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Clinical presentations, diagnosis, mortality and prognostic markers of tuberculous meningitis in Vietnamese children: a prospective descriptive study
BMC Infectious Diseases volume 16, Article number: 573 (2016)
Tuberculous meningitis in adults is well characterized in Vietnam, but there are no data on the disease in children. We present a prospective descriptive study of Vietnamese children with TBM to define the presentation, course and characteristics associated with poor outcome.
A prospective descriptive study of 100 consecutively admitted children with TBM at Pham Ngoc Thach Hospital, Ho Chi Minh City. Cox and logistic regression were used to identify factors associated with risk of death and a combined endpoint of death or disability at treatment completion.
The study enrolled from October 2009 to March 2011. Median age was 32.5 months; sex distribution was equal. Median duration of symptoms was 18.5 days and time from admission to treatment initiation was 11 days. Fifteen of 100 children died, 4 were lost to follow-up, and 27/81 (33 %) of survivors had intermediate or severe disability upon treatment completion. Microbiological confirmation of disease was made in 6 %. Baseline characteristics associated with death included convulsions (HR 3.46, 95CI 1.19–10.13, p = 0.02), decreased consciousness (HR 22.9, 95CI 3.01–174.3, p < 0.001), focal neurological deficits (HR 15.7, 95CI 1.67–2075, p = 0.01), Blantyre Coma Score (HR 3.75, 95CI 0.99–14.2, p < 0.001) and CSF protein, lactate and glucose levels. Neck stiffness, MRC grade (children aged >5 years) and hydrocephalus were also associated with the combined endpoint of death or disability.
Tuberculous meningitis in Vietnamese children has significant mortality and morbidity. There is significant delay in diagnosis; interventions that increase the speed of diagnosis and treatment initiation are likely to improve outcomes.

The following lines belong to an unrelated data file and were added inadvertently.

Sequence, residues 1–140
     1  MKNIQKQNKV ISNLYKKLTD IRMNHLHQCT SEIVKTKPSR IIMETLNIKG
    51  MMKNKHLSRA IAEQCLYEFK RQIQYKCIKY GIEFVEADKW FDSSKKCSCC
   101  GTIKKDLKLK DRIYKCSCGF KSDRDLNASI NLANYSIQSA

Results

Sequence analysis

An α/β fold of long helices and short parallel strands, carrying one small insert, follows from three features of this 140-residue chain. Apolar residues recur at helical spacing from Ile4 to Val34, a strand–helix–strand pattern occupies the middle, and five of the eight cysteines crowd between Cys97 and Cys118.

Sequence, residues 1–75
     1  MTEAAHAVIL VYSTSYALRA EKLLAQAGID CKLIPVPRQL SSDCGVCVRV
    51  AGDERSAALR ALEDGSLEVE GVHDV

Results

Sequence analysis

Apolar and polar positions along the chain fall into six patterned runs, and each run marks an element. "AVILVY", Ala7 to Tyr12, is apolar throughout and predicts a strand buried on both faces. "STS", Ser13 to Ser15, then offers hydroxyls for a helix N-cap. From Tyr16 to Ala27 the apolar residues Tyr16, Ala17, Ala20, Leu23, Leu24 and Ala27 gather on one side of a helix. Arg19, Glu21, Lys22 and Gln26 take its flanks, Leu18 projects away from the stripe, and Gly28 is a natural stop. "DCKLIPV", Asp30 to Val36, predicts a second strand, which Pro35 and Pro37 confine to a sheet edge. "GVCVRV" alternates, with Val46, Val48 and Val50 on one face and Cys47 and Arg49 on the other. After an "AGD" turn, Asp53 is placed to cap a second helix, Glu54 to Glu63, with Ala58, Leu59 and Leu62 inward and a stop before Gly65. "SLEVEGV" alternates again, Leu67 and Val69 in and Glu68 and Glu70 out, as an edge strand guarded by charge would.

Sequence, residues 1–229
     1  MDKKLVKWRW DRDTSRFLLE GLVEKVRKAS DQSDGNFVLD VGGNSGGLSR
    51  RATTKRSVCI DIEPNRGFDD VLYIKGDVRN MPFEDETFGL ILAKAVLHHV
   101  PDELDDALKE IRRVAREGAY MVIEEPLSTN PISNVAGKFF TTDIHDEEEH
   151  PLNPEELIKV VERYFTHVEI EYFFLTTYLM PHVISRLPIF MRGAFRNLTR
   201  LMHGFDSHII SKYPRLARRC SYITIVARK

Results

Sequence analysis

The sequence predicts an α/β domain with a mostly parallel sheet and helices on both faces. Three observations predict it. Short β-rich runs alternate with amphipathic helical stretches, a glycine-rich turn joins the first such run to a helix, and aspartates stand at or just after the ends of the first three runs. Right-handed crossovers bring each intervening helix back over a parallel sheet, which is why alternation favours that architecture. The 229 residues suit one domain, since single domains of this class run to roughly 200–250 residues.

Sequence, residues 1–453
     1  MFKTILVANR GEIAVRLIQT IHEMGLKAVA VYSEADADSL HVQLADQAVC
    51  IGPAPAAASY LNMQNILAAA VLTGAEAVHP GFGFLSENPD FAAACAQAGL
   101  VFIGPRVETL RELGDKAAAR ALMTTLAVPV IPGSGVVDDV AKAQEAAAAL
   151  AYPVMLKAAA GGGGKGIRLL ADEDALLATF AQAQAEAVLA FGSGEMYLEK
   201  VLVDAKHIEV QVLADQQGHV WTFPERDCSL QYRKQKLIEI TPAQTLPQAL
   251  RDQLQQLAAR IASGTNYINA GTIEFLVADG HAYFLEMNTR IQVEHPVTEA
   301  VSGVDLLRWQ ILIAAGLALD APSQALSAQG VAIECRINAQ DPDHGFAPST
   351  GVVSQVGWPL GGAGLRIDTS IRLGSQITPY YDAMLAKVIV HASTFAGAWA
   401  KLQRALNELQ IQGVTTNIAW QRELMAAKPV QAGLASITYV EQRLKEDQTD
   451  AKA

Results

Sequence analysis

Tuberculosis (TB) is an important cause of childhood morbidity - recent estimates of the number of children developing TB each year range from 500 000 to 1 million, significantly higher than previously estimated by the WHO [1, 2]. There may be 50 million children latently infected . 5 % of disease occurs in HIV co-infected children, although this is higher in sub-Saharan Africa . Despite this high burden, in TB as in many other diseases, children are a neglected group - the vast majority of data used to guide management are derived from adult patients.
Tuberculous meningitis (TBM) is the most severe form of tuberculosis, with high rates of disability and death . Children are more likely than adults to develop disseminated TB and TB meningitis following infection . This risk is greatest for infants and children under 2 years of age, probably due to the immaturity of the immune system . The challenges of TBM diagnosis and management are exacerbated in children. Initial symptoms in infants are non-specific, it is difficult to obtain diagnostic samples and more invasive sampling methods are needed, and the diagnostics samples obtained generally proffer extremely low yields of mycobacteria [7, 8]. Death from TBM is strongly associated with delays in diagnosis and treatment both in children and adults [9–12]. It is striking that there has never been a randomized controlled trial of anti-tuberculosis drugs in children with TBM .
Vietnam is classified as having a high burden of TB, with a prevalence in the order of 145 per 100 000 of the population as a whole . Tuberculous meningitis in adults is well characterized in Vietnam, and these data have been key in developing treatment guidelines, but there are no data on the disease in children [11, 15–17]. In accordance with historic WHO policy, the Vietnamese National TB Programme has focused on the systematic notification of smear positive cases of TB. However, the majority of pediatric TB cases are smear negative, and subsequently limited data are available on pediatric TB in Vietnam. In line with WHO policy revisions, Vietnam has recently implemented disaggregated data collection for pediatric TB. Improving outcomes in children is dependent upon a better understanding of the epidemiology of childhood TB, and early diagnosis and instigation of effective treatment.